6) Select appropriate capacitors (shaped and sized for the block ideally).
7) Place solder blobs on the leads near the component itself.
8) Force small heat shrink tubing over most of the leads, leaving maybe 1/3 inch at end.
9) Shrink it, now the blobs act like holders even though the leads are usually too thin for the shrink tubing.
10) Drill 1/8" holes as appropriate in the wooden blocks.
11) Force the component leads through the holes.
12) If appropriate, put a lid on.  For some, just put the open side against the wall of the phone to protect it.
13) Usually, you can't drill through some side of it because the point of the paddle bit would go through.
14) Drill across that to make a hole for a wood screw or two to fasten it in the phone.
15) Bend the leads over a little so they are inclined to stay.
16) Stuff cardboard into any space left inside the hollowed block.
17) Hook the capacitor leads and some "condenser leads" together and solder.
18) Optionally shrink tube your connections on the outside of the condenser.
19) It's ready to go and looks pretty convincing.
20) I've attached a picture with some of my experiments.

So who knows how to make yourself an inductor?

Offline dsk

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Re: Converting magneto/local battery to common battery
« Reply #1 on: May 19, 2020, 05:27:06 AM »
Great ideas, and of course you may pretty often use whatever you have of old phone parts.

The induction coil where you only use one winding may be replied of approx any transformer or relay with a high number of turns and a winding with a resistance of 15-100 ohms.

It will of-course often be better if you have a coil from a CB telephone and use it with the circuit equal, or close to equal with the original circuit.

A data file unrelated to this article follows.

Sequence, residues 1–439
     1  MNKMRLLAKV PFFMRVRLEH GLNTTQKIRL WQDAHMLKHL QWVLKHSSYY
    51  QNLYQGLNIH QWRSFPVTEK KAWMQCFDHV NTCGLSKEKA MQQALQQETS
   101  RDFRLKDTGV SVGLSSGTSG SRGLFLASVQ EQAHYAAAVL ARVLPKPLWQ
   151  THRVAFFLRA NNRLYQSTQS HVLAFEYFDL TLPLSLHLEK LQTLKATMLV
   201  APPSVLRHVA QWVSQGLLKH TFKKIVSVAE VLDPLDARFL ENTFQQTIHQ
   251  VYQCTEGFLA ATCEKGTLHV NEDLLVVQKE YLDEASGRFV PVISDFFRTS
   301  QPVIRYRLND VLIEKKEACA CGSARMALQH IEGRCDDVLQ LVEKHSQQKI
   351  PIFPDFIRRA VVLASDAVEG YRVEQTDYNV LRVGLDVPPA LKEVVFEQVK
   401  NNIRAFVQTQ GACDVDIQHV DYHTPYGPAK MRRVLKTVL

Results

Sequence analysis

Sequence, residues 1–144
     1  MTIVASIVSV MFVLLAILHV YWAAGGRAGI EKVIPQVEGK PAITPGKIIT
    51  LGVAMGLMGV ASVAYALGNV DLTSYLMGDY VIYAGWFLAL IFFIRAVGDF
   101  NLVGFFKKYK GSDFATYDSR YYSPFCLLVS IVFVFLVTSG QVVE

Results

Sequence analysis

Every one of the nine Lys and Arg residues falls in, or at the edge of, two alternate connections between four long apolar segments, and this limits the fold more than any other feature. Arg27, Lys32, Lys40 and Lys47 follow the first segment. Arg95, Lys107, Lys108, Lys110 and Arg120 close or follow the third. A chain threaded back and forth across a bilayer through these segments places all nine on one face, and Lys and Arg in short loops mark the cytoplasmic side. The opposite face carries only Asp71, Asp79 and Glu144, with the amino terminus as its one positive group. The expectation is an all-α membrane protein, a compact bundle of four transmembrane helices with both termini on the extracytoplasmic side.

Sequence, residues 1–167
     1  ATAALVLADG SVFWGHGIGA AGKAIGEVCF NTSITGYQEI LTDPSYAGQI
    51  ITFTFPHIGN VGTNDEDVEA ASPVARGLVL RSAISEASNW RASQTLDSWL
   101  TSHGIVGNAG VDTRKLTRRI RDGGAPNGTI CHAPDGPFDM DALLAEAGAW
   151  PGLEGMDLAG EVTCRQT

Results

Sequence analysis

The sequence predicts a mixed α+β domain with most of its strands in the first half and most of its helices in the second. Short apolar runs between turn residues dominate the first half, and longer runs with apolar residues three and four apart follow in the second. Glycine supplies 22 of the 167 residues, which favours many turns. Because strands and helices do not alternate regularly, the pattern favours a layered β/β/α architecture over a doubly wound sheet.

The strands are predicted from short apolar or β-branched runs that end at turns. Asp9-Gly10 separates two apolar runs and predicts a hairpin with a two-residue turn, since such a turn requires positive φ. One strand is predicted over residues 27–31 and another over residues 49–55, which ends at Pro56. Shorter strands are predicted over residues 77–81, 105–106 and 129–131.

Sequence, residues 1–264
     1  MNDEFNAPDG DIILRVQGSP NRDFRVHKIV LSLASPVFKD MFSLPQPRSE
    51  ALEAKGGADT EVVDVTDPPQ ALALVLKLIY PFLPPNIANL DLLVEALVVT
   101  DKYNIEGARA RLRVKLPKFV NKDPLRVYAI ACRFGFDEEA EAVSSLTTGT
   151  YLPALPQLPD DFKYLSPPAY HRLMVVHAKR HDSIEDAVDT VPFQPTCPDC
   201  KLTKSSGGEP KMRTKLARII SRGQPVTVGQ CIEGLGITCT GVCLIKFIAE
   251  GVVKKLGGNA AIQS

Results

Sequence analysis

Regarding ringers, the most of the old ringers (non party-line) will do the job, at least if the magnet is still having a little of its magnetism.  If the total resistance of the coils are less than 600 ohms (Common on older German phones with only 600) you are on the edge of what who is easy to use.  Most ringers works well in series with a 0.47 uF capacitor, but some of the older ones may require a higher value.  It look like weak permanent magnets pretty often are helped by the use of the ringer, so weak ringer may be stronger after some use. 

When it comes to receivers with a flat iron membrane the distance from the magnets could be adjusted by putting in or remove thin rings of paper put between the membrane and the receiver element.  I'm looking forward to see how this project will turn out, it is almost as building a new old phone  :)

I have to admit that when I got a 1920 ish European S.E. telephone with no transmitter and no receiver did I put in elements from a WE 500 that did get in and just packed up with some cotton. That phone worked so well that I was asked if used a modern phone  8) and that's not common for me.

dsk
« Last Edit: May 19, 2020, 05:34:44 AM by dsk »

Offline scottfannin

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Re: Converting magneto/local battery to common battery
« Reply #2 on: May 21, 2020, 12:46:47 AM »